#5: Financial Advice Is Worth Paying for

Let’s go back to taxes for a second. Even with the IRS’s withholding calculator, it can be tough to “get right” the amount you should be getting pulled from your regular paycheck. The answer: Talk to a tax pro, Singletary says. Yet, she acknowledges that many people still have an issue paying for financial advice. “It’s the industry’s fault,” she says. For so many years, “people didn’t realize that they were paying for advice through commissions and deals on the back end. Now, when you have to pay a fee by the hour or a percentage of assets under management, we have to retrain people that that’s better because they have transparency.” But make no mistake, she says – this is a professional service, and it’s more than okay to pay a professional. Even if you’re a do-it-yourselfer, like she is, it’s okay to pay someone to validate – or even try to break – your plan. She notes with a smile: “Of course, they couldn’t break mine.”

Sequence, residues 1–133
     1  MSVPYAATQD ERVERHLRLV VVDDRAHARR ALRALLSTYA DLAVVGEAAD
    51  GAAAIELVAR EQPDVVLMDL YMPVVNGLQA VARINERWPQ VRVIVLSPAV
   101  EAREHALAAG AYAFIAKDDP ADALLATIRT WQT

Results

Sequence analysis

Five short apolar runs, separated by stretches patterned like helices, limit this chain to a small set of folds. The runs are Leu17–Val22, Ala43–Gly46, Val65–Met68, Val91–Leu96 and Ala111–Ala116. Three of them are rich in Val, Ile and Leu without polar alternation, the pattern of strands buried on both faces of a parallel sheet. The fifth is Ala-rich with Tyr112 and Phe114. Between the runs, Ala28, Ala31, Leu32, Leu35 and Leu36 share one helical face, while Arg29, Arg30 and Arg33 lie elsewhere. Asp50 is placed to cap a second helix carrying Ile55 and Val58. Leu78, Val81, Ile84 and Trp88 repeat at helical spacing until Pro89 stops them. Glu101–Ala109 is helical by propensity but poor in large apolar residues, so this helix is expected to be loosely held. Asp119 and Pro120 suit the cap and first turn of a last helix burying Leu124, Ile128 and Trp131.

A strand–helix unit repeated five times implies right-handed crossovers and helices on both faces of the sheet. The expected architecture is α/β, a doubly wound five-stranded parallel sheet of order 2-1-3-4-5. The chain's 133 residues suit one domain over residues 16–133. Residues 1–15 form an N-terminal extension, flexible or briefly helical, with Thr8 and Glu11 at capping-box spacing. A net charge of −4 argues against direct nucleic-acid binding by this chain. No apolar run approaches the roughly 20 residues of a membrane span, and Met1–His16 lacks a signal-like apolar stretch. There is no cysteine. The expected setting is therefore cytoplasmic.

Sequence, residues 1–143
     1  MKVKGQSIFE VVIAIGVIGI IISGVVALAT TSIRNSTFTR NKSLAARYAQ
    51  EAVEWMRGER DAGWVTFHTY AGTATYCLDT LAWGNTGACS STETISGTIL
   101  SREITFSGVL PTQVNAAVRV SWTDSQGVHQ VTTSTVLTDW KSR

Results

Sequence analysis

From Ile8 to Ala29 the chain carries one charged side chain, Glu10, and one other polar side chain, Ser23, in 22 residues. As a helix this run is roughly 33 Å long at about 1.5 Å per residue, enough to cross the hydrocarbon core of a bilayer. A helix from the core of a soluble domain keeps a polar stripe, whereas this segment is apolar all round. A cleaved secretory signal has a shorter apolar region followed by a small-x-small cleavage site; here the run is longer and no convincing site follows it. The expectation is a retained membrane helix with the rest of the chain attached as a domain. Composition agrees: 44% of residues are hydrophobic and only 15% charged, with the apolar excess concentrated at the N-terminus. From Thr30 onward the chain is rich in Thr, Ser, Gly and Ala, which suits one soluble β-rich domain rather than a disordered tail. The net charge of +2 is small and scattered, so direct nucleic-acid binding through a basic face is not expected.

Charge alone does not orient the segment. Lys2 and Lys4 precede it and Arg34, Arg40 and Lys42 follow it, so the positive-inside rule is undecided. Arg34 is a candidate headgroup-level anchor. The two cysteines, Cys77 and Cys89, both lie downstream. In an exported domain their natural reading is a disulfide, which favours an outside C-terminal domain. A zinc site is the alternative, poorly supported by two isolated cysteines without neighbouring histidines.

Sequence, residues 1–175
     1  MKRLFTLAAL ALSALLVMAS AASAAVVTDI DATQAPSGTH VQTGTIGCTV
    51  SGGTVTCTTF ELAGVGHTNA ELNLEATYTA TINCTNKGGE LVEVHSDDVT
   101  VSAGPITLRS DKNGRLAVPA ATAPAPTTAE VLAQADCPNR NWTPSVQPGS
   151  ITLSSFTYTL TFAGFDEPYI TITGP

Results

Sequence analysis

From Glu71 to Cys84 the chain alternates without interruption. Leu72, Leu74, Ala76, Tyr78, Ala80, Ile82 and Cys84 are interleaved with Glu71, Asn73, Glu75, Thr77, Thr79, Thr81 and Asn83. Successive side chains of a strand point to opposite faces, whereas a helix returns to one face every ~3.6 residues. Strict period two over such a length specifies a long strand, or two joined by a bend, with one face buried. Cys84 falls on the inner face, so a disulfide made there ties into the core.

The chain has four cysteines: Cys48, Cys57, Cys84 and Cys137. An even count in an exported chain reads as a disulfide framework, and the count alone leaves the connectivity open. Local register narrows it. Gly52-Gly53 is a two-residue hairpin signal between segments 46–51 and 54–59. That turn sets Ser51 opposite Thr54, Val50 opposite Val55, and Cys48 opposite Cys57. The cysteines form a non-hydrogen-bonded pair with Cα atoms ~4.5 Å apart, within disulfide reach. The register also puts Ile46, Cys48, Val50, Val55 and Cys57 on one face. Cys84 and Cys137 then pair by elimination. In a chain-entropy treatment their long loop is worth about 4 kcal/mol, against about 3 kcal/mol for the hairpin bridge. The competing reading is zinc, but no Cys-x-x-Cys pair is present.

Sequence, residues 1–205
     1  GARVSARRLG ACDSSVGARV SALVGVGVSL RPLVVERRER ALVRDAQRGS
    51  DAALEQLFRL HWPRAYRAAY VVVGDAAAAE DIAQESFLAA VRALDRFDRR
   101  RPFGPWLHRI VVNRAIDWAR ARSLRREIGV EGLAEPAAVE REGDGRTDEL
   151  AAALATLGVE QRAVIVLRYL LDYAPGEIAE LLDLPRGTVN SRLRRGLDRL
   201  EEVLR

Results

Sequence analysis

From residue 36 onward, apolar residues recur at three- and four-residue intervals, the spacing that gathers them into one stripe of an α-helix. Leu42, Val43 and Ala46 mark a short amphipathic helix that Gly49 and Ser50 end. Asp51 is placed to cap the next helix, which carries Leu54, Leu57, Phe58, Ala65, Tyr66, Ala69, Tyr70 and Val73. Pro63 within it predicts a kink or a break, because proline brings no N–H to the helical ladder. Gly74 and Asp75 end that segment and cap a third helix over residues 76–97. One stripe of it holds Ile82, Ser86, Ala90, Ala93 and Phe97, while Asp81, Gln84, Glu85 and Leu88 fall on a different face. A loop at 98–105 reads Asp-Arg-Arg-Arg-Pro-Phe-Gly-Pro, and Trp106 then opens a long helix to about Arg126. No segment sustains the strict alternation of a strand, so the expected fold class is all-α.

For a deeper look into how to plan ahead, figure out how to cover your needs and wants in retirement, and make your income last a lifetime, visit the Tools and Guides section of the Alliance website.